RE: Review of

Hello Anne, David,


> > Authorization Request data
> > I don't quite follow the details of Stuart and Anne's intereractions
> > on this topic, but it does seem to me that the response of "Security
> > trumps purity. Not sure what else to say here." is unhelpful and
> > almost disrespectful to a very qualified reviewer.
> I already explained why it was the way it was. Stuart then
> called that unfortunate but a minor problem to which I
> replied with this line. Please don't quote out of context.
> > Security does not trump
> > anything, security is all about trade-offs.  If it was all about
> > security, we'd have a very different world including no f2f meetings.
> > I don't see the specific issue that Stuart raised in the issues list,
> > and if it is indeed not there, it ought to be.
> You have not given any new technical feedback for why this
> should be reconsidered.

FWIW I have reflected on the technical matter a little more. For those that didn't get the point of my comment I'll try a short recap:

Section 5.1.3 [1] of the document under discusson describes the checks made in the case of Non-Get methods, for instance in the event of an attempted POST operation. In particular, upto two access control checks are made for such operations:

#1: Steps 1-4: perform an initial access check to determine whether the given Non-GET operation is to be allowed to be initiated by the client (or not).

#2: Step 5 (under the trailing Otherwise clause) makes further access control check based on access control information present in the response.

The issue I raised is that the first check could succeed, allowing an operation, say a POST, to proceed/progress, whilst the second may fail, supressing both the response code and the response from the requesting client. In the case of a POST (or a DELETE) the client is allowed to go ahead with a potentially state changing operation denied access to not only the response, but also the response code - being informed (falsely) that a network has caused failure.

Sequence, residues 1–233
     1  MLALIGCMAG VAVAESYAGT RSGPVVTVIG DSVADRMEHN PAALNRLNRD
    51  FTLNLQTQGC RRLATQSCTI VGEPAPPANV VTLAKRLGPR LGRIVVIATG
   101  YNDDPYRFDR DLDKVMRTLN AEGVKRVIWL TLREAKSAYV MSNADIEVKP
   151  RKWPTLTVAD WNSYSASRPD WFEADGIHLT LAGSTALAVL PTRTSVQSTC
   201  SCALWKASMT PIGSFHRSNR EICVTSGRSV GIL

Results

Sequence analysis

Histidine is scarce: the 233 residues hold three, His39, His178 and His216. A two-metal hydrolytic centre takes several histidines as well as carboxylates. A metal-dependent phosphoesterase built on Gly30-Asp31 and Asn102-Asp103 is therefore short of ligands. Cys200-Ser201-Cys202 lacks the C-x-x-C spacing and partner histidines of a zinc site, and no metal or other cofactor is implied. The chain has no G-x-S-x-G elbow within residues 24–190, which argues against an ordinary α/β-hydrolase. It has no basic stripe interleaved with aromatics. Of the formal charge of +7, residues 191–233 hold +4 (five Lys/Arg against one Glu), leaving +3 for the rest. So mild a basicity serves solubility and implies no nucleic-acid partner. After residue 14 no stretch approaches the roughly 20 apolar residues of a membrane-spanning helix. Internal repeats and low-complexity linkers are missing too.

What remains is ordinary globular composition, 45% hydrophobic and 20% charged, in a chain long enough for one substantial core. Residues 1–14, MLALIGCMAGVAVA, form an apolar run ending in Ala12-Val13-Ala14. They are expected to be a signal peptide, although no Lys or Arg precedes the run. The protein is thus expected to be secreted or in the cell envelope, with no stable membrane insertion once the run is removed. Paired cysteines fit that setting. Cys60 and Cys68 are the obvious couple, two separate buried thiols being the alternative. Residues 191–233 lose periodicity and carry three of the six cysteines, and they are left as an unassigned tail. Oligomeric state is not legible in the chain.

The pragmatic view (to which I think Anne refers) is to take the view that #1 passing and #2 failing is likely to be a rare case (to which I agree in prinicipal that it is - modulo Murphy's Law). I'd also be willing to accept (I suppose) that the origin server or applications should not change access control content between #1 and #2 in such a way that #1 passes and #2 can subsequently fail - again modulo the practical reality of a need to occasionally change AC lists.

My reflection over the New Year break period is simply as follows:

I think that AC decision should be made wrt to operation as a whole (GET, PUT, POST, DELETE...) ie. given a permission to proceed with an operation it should then be allowed to run to it's normal termination. At spec'd at present, AC decisions are made on each 'phase' of a two-phase operation - spliting state-changing operation in a way that potential allows partial success and a 'split-horizon' view of the outcome (one party thinks success the other is not allowed to find out).

So... on the purity side; I think the granularity of AC decisions should be whole operations... and, as an aside, intentional language that described the intended grain size is would be helpful whether or not you agree with me over what that grain size should be.


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Received on Wednesday, 9 January 2008 15:52:22 UTC